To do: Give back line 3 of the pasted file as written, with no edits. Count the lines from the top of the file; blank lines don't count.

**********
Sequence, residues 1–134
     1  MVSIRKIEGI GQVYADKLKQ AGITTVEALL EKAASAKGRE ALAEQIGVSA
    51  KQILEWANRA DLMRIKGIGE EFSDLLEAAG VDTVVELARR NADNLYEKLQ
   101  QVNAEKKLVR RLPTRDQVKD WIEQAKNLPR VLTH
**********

    51  KQILEWANRA DLMRIKGIGE EFSDLLEAAG VDTVVELARR NADNLYEKLQ